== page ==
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unit 3 marketing


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consumer market and consumer buying behavior

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unit 3 marketing

  1. 1. Consumer Market and consumer buyer Behavior Unit 3 Consumer Behavior 1
  2. 2. Who are the consumers???? Who is the customer???? Consumer Behavior 2
  3. 3. Who is a Consumer/Customer? •A customer is the one who actually purchases a product or service from the particular organisation or shop •Consumer is wider concept consisting of not only the buyer or customer but also all its users, i.e. consumers. There are two situations when the distinction between consumer and customer may occur • when the service or product is provided free, and • when the customer is not the actual user of the product or is only one of the many users. Consumer Behavior 3
  4. 4. •The two vital elements to remember in all consumer situations are: •the influence on purchase from other people and •the roles taken on by different people in consumer behaviour situations. Consumer Behavior 4
  5. 5. Some Consumer behavior role Consumer Behavior 5
  6. 6. Consumer Behavior Consumer Behavior 6
  7. 7. •“The behavior that consumers display in searching for, purchasing, using, evaluating and disposing of products and services that they expect will satisfy their needs.” -LEON G SCHIFFMAN •The process whereby individuals decide what, when, where, how and from whom to purchase goods and services •Buyers behavior is all the psychological, social and physical behavior of the potential customers as they become aware to evaluate purchase consume and tell other people about the product and services. Consumer Behavior 7
  8. 8. •Personal Consumer buys goods and services for personal, household, or for the use of a family member, or for a friend. •Organizational Customer: a business, government agency, or other institution (profit or nonprofit) that buys the goods, services, and/or equipment necessary for its function.
  9. 9. Model of consumer Behavior
  10. 10. 7.10 Four Types of Buying Decision Behavior
  11. 11. Types of Buying Decision Behavior 5-34 Complex Buying Behavior When consumers are highly motivated in a purchase and perceive significant differences among brands Purchasers are highly motivated when: • Product is expensive • Product is risky • Product is purchased infrequently • Product is highly self-expressive
  12. 12. Types of Buying Decision Behavior 5-35 Dissonance-reducing buying behavior occurs when consumers are highly involved with an expensive, infrequent, or risky purchase, but see little difference among brands Post-purchase dissonance occurs when the consumer notices certain disadvantages of the product purchased or hears favorable things about a product not purchased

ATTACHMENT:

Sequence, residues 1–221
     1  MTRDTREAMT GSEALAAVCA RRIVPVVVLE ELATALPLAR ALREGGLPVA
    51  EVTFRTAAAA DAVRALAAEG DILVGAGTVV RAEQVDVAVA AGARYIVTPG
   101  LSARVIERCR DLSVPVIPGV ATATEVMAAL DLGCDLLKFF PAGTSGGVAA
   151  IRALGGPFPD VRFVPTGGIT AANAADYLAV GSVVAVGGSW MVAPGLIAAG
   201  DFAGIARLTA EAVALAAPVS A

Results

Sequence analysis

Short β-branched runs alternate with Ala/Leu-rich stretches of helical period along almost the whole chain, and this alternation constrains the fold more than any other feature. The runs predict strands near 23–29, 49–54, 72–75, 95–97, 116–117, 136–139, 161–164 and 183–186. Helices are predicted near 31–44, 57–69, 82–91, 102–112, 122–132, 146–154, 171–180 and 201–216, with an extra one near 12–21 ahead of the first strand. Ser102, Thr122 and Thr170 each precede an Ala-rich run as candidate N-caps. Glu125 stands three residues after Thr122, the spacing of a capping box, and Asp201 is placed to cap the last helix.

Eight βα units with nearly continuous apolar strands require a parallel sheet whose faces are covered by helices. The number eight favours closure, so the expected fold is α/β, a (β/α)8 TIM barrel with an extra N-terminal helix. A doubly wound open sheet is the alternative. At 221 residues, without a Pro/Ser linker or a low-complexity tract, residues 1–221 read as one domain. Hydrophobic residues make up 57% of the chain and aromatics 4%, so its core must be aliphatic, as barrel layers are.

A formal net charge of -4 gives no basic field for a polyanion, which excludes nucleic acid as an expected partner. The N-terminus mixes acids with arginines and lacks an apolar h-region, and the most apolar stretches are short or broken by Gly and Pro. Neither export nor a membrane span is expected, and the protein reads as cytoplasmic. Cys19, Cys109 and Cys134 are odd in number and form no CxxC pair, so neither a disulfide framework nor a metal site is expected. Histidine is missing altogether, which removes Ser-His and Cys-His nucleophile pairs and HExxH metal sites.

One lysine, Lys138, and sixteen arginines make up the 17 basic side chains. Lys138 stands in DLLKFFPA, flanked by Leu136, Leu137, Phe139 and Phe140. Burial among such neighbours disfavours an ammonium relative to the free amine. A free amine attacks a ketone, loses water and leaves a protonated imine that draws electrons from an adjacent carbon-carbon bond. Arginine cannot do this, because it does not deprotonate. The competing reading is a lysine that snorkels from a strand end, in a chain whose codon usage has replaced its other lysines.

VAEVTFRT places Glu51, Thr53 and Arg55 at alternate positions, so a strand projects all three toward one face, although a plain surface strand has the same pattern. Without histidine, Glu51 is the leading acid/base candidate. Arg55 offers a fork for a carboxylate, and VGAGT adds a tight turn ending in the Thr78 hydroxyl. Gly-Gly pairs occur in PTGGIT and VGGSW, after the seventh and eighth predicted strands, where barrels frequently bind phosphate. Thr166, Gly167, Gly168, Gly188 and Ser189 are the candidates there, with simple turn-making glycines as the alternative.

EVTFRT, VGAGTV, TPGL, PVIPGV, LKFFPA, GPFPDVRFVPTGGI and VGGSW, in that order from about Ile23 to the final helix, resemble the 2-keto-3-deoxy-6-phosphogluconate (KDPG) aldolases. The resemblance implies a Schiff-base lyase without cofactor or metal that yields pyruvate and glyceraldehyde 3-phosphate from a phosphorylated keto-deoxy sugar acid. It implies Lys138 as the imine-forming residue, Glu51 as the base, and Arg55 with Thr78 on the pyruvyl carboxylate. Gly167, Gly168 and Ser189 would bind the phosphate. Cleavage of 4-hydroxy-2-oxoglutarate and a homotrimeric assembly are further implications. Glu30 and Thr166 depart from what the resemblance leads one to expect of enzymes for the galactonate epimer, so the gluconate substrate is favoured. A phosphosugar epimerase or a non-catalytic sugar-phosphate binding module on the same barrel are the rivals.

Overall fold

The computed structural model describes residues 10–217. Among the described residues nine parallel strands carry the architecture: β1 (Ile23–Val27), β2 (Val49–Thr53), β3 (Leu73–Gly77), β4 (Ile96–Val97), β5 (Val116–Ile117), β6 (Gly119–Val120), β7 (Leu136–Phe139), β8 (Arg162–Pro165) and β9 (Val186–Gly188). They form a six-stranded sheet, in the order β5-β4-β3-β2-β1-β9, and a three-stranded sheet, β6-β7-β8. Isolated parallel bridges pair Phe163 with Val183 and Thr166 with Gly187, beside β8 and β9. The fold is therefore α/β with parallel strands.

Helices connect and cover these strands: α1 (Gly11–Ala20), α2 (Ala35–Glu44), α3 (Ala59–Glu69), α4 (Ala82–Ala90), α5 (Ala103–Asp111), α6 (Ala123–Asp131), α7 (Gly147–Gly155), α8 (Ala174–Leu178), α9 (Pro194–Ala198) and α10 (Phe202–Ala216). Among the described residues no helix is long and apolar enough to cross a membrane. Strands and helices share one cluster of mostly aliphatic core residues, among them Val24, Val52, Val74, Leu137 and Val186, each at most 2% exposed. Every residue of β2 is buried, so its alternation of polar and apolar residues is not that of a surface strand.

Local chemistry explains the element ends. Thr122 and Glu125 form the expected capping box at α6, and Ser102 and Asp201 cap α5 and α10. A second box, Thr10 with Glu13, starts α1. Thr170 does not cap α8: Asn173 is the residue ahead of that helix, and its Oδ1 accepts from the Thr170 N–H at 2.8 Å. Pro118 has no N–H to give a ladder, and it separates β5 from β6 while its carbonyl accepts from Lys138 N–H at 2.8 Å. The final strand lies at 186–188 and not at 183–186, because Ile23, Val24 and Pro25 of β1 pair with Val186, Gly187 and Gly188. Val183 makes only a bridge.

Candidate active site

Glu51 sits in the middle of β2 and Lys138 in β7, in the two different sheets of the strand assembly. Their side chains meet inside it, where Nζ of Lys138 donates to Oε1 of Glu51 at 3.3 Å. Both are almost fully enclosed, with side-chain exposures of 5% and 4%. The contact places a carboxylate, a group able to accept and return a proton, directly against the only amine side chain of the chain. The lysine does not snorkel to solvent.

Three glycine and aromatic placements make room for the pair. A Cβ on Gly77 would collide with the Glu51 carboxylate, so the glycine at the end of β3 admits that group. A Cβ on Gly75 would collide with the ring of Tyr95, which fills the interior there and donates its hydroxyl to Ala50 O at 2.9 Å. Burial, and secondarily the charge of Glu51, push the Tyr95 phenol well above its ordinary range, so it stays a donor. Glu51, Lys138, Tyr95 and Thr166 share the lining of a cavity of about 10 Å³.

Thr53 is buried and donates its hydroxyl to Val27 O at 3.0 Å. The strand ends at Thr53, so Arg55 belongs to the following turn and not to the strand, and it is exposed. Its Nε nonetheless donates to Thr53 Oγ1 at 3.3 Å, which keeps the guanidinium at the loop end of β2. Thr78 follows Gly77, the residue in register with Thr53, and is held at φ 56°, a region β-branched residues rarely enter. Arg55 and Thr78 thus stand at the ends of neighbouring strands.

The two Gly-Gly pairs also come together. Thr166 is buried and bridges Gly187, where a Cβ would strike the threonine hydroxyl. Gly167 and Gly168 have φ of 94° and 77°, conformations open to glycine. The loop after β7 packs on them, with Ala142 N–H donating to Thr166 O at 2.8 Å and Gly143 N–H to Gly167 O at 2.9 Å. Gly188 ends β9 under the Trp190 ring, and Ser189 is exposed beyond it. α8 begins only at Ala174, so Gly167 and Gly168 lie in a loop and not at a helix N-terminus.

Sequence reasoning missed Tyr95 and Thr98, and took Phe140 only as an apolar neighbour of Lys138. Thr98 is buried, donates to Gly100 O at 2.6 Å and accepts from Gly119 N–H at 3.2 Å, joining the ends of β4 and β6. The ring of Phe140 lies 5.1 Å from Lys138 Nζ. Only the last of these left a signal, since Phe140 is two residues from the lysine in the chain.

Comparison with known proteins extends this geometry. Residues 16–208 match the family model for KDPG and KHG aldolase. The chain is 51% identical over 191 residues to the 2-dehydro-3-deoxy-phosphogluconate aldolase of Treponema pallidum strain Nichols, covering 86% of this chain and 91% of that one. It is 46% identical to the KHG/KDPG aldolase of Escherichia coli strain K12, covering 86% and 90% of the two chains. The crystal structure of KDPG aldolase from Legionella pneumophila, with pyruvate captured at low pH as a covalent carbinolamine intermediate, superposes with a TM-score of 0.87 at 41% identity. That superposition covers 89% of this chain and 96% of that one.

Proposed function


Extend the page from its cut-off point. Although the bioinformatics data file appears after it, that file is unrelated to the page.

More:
13. 13. Types of Buying Decision Behavior 5-36 Habitual buying behavior occurs when consumers have low involvement and there is little significant brand difference Variety-seeking buying behavior occurs when consumers have low involvement and there are significant brand differences
  14. 14. Characteristics Affecting Consumer Behavior 5-6 Cultural Factors •Buyer’s culture •Buyer’s subculture •Buyer’s social class Social Factors •Reference groups •Family •Roles and status Personal Factors •Age and life-cycle stage •Occupation •Economic situation •Lifestyle •Personality and self-concept Psychological Factors •Motivation •Perception •Learning •Beliefs and attitudes
  15. 15. Characteristics Affecting Consumer Behavior 5-8 Culture is the learned values, perceptions, wants, and behavior from family and other important institutions Subculture are groups of people within a culture with shared value systems based on common life experiences and situations. For e.g. youth subculture Eastern and western subculture
  16. 16. Characteristics Affecting Consumer Behavior 5-10 Social classes are society’s relatively permanent and ordered divisions whose members share similar values, interests, and behaviors Social class is measured by a combination of occupation, income, education, wealth, and other variables • Upper class • Middle class • Working class • Lower class • On the basis of caste…..
  17. 17. Characteristics Affecting Consumer Behavior 5-12 Social Factors Groups Membership groups have a direct influence and to which a person belongs. Family group, religious group, professional group, trade union. Aspirational groups are groups to which an individual wishes to belong. Reference groups are groups that form a comparison or reference in forming attitudes or behavior